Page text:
• impact of storm surges – by adjusting the tidal time series along the coast;
  • ground subsidence – by adjusting the water level-area function of flood cells in the model and the flood bank crest levels and sluice levels;
  • changes in operational flood management through revised operation of pumps and gates – by adjusting the rules in flood control projects;
  • newly built gates and pumps – by adding in corresponding flood control project components;
  • dyke building – by adjusting the dyke crest levels;
  • new channels – by adding the channels to the model;
  • land use changes in the hilly region – by adjusting VIC model parameters.

Other drivers and responses can be simulated in other components of the flood risk analysis framework (for example, property and community resilience and resistance measures would be represented in the TBRAS system).

Discussion

The Taihu Basin project required the design of a novel flood simulation modelling approach that delivered the required modelling outputs given the challenging large scale of the study area and the significant constraints concerning data and resources. Here, we highlight several aspects of the bespoke modelling approach that we consider are particularly appropriate for reuse to benefit other flood simulation projects.

Initial qualitative analysis

An initial qualitative analysis was undertaken before the design of the modelling approach to identify the most significant processes that need including in the modelling framework. Here, ‘significant’ means those processes that require simulating because they are sensitive to the drivers of change or management responses, and those linking processes which transfer flooding information to the receptors. For the Taihu Basin project, the initial analysis determined that it was necessary to simulate rainfall (sensitive to climate change), runoff (a linking process), hydrodynamic flows in channels/lakes (primarily a linking processes), spills into flood cells (primarily a linking process), pumping from flood cells (management response and linking processes), flood water distribution within flood cells and receptor impacts.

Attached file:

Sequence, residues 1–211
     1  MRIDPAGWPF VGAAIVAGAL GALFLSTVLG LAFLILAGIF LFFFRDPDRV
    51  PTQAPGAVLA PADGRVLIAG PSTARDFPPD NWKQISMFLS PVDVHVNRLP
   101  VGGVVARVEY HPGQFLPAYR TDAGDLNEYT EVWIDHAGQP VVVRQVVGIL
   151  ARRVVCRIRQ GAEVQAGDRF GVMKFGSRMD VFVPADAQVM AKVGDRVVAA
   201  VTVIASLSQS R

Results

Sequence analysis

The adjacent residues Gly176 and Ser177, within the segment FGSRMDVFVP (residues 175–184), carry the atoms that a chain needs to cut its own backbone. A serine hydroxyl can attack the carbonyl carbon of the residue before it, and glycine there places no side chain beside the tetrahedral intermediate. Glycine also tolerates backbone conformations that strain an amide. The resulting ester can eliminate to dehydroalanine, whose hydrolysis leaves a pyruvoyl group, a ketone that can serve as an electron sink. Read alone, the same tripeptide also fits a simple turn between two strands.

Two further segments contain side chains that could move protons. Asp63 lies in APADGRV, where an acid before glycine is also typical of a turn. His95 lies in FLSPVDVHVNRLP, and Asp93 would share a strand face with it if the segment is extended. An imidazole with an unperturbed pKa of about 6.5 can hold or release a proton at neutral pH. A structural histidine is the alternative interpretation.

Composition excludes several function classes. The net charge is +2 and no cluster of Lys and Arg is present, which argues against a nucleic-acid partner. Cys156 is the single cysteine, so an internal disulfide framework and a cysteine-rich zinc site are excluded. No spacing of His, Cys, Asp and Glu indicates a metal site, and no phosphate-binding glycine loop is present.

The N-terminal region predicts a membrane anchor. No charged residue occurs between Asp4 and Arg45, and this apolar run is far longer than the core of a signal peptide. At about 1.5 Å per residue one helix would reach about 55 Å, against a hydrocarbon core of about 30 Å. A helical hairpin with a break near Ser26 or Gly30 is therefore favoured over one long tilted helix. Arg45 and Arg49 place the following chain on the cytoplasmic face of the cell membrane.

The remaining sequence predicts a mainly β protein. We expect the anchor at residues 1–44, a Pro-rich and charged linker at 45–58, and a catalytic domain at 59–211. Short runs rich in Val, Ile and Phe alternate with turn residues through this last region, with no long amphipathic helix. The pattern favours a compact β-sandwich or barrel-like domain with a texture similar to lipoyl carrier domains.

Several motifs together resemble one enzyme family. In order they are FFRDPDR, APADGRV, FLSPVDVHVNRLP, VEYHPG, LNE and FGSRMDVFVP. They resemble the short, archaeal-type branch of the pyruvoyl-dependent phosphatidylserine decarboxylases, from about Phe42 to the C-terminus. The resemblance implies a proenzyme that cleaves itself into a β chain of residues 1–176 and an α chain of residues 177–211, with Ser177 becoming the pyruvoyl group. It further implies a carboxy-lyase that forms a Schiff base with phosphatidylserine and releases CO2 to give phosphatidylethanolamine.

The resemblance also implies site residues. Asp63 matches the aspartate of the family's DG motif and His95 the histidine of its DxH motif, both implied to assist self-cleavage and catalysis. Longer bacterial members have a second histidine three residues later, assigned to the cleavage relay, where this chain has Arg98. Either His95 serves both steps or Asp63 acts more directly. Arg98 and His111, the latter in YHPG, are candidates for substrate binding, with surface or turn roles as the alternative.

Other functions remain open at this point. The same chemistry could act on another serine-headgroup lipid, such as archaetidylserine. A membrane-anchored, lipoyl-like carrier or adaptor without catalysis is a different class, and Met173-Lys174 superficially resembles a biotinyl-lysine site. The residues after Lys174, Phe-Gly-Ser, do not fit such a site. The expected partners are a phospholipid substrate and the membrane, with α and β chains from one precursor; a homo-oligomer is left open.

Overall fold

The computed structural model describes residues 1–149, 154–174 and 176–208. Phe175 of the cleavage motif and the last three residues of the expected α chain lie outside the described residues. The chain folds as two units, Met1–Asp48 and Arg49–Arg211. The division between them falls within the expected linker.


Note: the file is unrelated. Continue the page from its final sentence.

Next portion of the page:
Modular approach and automation

A modular approach was used together with specially written software to automate the transfer of data between modules. In general, the process building blocks (e.g. rainfall–runoff, defence breaching) were constructed in isolation and then ‘joined together’ later in the project. This allowed parallel working early in the project and enabled the individual teams to verify their component before the system integration. The writing of bespoke data transfer utilities meant that data transfer errors during manual data transformations could be largely eliminated and speeded up the scenario analysis.

Use of hydrodynamic modelling at a regional scale

The ISIS hydrodynamic modelling software was used to build a broad scale model of the Taihu Basin. The model uses inputs of direct net rainfall, upland inflows, Yangtze River and coastal tide levels, Taihu lake initial water levels, sluice gates control rules and polder pumping rules. Simulations take about 0.5 h to run a 90-day period.

It is unusual to use hydrodynamic models to simulate large areas (the Taihu ‘plains’ area is about 30 000 km2 with some 4500 km of channel). However, it was necessary for the Taihu Basin because of the hydraulic interconnectivity of the channel, lake and polder systems. Strategic studies of other large systems may benefit from the use of a similar broad scale hydrodynamic approach. The Taihu model suggests that such hydraulic models are feasible and they should be considered when designing modelling approaches for large areas.

Nested models (models within models) help to resolve scale issues

The modelling approach for the channel flows and flooding in the ‘plains’ area of the Taihu Basin consisted of a broad scale ISIS model of the channels, lakes and polders, together with a GIS-based flood risk analysis (TBRAS). In effect, the ISIS model provided a very broad scale simulation of the polders, with TBRAS providing a more detailed simulation of the distribution of flooding within the polders – thus providing a nested approach to modelling. This approach was used because different processes are significant at different scales: